Nearly half the adults in England (43%) struggle to read and understand written health information. When that health information includes numbers as well as words, that rises to 61%. At the same time, along with many aspects of daily life, information about health and wellbeing is now widely available via the internet, and healthcare services are becoming increasingly digitised.
To help address this issue and empower patients, families and carers, Health Education England’s NHS knowledge and library services team is working with CILIP, the library and information association, to co-lead a partnership to improve health and digital literacy at a local level.
With Libraries Connected, the strategic lead for public libraries, and Arts Council England, which supports community initiatives, the partners are working together to develop a sustainable approach to improve health literacy.
Local pilot partnerships will assess how existing information services can embed activities that equip members of the public with the skills that they will need to find, assess and use health information in an increasingly digital environment.
Health Education England has funded an initial eight pilot projects to test out different ways in which this can be achieved, while CILIP is managing and co-ordinating the pilot programme nationally.
Sue Lacey Bryant, National Lead for NHS Knowledge and Library Services said: “Our goal is to understand the most effective ways to enable people to develop the skills they need to find, assess and use health information to make informed choices in our digital age. We can then share and spread these approaches across the country, giving people the opportunity to better understand health information, manage their own health issues.
“If we are to tackle health inequalities, it is crucial that communities come together to improve levels of health and digital literacy. And there are no organisations better placed to do this than local public and health libraries right in the heart of the communities they know and understand.
“I am thrilled that we are able to support these eight local projects. They are about to begin work and we’re confident we will get a good return on investment. They will provide a wealth of insight into how library teams can be most effective and we will build on the findings to equip communities to support more people to better health.”
The eight projects will begin work soon and it is anticipated the varied range of projects will provide a wealth of insight into how best to create a sustainable approach to increasing health and digital literacy.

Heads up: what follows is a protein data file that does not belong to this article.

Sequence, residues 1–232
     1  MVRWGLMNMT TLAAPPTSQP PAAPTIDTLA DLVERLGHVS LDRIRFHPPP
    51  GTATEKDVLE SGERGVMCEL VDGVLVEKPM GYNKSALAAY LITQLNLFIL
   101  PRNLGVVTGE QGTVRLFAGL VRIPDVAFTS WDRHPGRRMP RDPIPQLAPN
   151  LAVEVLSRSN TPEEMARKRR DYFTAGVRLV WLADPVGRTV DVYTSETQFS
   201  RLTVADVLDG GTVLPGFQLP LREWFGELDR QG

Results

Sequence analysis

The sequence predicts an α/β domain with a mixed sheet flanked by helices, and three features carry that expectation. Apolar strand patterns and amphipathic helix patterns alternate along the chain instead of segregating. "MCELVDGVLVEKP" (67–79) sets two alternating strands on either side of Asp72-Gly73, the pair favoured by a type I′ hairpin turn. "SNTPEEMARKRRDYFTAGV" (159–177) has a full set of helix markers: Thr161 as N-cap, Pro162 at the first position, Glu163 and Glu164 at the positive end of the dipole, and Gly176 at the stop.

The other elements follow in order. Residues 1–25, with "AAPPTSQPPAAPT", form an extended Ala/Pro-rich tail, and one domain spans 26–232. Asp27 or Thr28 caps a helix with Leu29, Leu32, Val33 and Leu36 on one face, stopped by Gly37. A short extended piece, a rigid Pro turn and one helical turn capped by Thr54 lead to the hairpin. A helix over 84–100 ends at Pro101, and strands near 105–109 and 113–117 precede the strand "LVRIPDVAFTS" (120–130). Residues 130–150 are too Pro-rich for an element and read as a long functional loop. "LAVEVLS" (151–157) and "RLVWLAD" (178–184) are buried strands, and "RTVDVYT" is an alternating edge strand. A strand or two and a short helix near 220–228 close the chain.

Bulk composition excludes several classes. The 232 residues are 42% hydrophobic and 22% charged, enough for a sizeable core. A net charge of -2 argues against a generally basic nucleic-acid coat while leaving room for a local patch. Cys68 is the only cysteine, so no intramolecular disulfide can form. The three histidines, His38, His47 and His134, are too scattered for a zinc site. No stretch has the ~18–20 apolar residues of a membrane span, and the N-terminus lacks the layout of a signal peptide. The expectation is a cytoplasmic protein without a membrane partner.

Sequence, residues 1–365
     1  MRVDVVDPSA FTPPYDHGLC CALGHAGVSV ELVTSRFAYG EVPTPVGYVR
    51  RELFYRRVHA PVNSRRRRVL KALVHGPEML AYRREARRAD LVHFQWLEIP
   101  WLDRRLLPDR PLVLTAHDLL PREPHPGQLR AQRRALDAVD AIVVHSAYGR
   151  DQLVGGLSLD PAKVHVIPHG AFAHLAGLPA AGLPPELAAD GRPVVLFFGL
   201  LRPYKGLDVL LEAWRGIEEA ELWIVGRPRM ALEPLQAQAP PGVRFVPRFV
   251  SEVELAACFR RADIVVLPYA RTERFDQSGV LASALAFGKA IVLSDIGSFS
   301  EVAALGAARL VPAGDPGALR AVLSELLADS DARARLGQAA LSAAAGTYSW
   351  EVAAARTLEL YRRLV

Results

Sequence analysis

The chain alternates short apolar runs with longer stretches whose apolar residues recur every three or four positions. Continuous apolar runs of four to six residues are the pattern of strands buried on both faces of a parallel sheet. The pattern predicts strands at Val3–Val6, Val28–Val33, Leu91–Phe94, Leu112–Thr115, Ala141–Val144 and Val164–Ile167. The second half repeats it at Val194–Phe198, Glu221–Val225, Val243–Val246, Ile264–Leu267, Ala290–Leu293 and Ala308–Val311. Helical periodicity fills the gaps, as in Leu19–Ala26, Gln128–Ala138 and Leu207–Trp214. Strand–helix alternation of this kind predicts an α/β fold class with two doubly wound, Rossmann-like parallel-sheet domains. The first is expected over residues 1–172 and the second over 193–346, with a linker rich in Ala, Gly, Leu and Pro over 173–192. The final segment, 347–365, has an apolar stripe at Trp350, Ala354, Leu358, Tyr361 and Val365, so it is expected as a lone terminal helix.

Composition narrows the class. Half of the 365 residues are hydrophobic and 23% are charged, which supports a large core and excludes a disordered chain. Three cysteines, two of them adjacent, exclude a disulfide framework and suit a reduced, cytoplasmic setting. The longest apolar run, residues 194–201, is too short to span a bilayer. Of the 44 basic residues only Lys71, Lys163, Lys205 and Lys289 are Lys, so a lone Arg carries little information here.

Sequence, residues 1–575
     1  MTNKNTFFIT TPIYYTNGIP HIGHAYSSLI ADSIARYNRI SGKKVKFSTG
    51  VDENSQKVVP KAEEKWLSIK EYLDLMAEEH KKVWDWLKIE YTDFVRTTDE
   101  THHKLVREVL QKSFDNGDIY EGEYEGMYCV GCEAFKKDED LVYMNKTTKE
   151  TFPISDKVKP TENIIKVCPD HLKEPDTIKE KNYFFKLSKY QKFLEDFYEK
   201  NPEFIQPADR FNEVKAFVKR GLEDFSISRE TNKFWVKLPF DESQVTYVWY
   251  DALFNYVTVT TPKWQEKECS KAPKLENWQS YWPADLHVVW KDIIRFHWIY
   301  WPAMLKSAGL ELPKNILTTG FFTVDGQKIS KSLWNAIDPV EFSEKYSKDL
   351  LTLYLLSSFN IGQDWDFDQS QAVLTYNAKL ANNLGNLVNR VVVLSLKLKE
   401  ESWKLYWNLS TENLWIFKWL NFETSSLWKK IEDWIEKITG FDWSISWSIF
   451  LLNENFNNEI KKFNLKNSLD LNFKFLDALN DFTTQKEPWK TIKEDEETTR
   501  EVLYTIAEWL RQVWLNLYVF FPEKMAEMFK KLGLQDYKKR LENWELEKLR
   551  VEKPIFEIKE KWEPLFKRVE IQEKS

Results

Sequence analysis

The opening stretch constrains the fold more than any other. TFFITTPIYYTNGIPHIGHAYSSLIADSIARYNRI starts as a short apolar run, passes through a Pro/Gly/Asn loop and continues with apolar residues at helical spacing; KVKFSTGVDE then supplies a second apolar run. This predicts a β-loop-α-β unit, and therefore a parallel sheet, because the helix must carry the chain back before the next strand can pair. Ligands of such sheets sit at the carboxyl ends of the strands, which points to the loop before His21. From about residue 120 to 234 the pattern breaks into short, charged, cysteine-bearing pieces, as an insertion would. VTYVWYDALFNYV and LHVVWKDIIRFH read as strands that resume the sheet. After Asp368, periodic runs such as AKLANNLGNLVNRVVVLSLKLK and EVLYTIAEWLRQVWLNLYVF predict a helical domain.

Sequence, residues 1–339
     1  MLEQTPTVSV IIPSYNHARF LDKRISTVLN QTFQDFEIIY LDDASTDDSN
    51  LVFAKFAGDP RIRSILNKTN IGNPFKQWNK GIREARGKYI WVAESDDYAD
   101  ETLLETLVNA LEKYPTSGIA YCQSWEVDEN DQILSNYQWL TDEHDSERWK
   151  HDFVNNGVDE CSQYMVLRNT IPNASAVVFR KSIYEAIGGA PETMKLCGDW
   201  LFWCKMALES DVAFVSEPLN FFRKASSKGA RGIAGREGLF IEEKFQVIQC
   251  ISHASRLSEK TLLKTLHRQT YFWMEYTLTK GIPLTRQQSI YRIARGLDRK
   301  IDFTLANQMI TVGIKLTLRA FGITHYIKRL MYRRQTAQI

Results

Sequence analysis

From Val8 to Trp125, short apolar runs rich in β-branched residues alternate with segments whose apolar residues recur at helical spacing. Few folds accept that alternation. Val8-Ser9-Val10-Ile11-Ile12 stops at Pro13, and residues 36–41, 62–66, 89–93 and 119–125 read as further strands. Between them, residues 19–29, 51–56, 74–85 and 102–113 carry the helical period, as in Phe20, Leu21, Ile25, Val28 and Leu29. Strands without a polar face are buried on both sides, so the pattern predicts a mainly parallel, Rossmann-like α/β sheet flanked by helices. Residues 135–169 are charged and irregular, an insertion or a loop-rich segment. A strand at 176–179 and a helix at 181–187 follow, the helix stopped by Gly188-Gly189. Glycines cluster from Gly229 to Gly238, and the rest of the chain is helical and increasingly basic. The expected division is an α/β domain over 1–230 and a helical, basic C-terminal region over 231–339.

Projects awarded the funding are:
- Health Click Haverhill – Suffolk Libraries and NHS Knowledge and Library Service, West Suffolk NHS Foundation Trust
Focused on local community in Haverhill, with enhanced health information offer in town library and outreach to key groups.
- Digital Health Hub – Easy Read Provision – Norfolk Libraries and NHS Knowledge and Library Services
Extending existing Digital Health Hub to provide Easy-Read shared decision making tools
- BASE Health Literacy Trainer – West Midlands Library consortium of 21 NHS libraries, based around Birmingham and the Black Country
Contribution to costs of Health Literacy Trainer to work with staff, patients and local community organisations
- Your Health Admin – Shropshire Libraries and NHS Knowledge and Library Service, Midlands Partnership NHS Foundation Trust
Design of Your Health Admin toolkit for Shropshire residents, and upskilling of library staff to become Digital Health Champions using Digital Unite training package
- Be Your Health – Staffordshire Libraries and NHS Knowledge and Library Services, Derby and Burton NHS Foundation Trust and Midlands Partnership NHS Foundation Trust
Co-design of health and digital literacy actions with 16-25 year olds, including resource kits, community outreach and use of social media
- Health Literacy Within Library Based Digital Health Hubs – Leeds Libraries and NHS Knowledge and Library Services across Leeds
Employing additional (0.5) librarian to extend role of digital health hubs including developing digital champions and resources on learning platform
- Addressing Low Health and Digital Literacy Across Lancashire – Lancashire Library Service and NHS Knowledge and Library Services across Lancashire
Development of online health information hub, and cascading health literacy training to public library staff
- WHAT IF – Wellbeing, Health and Technology Information for All – Somerset Libraries and NHS Knowledge and Library Service, Somerset NHS Foundation Trust
Creation of Digital Health Hubs in libraries in Taunton and Yeovil, including digital health volunteers and loan of designated health iPads
The compact signatory organisations are joined by a wide group of partners in this activity, including NHS England/Improvement, the Patient Information Forum, The Reading Agency, patient representatives and representatives of specific professional groups, such as pharmacists and prison librarians.
There is more information on the NHS knowledge for healthcare professionals website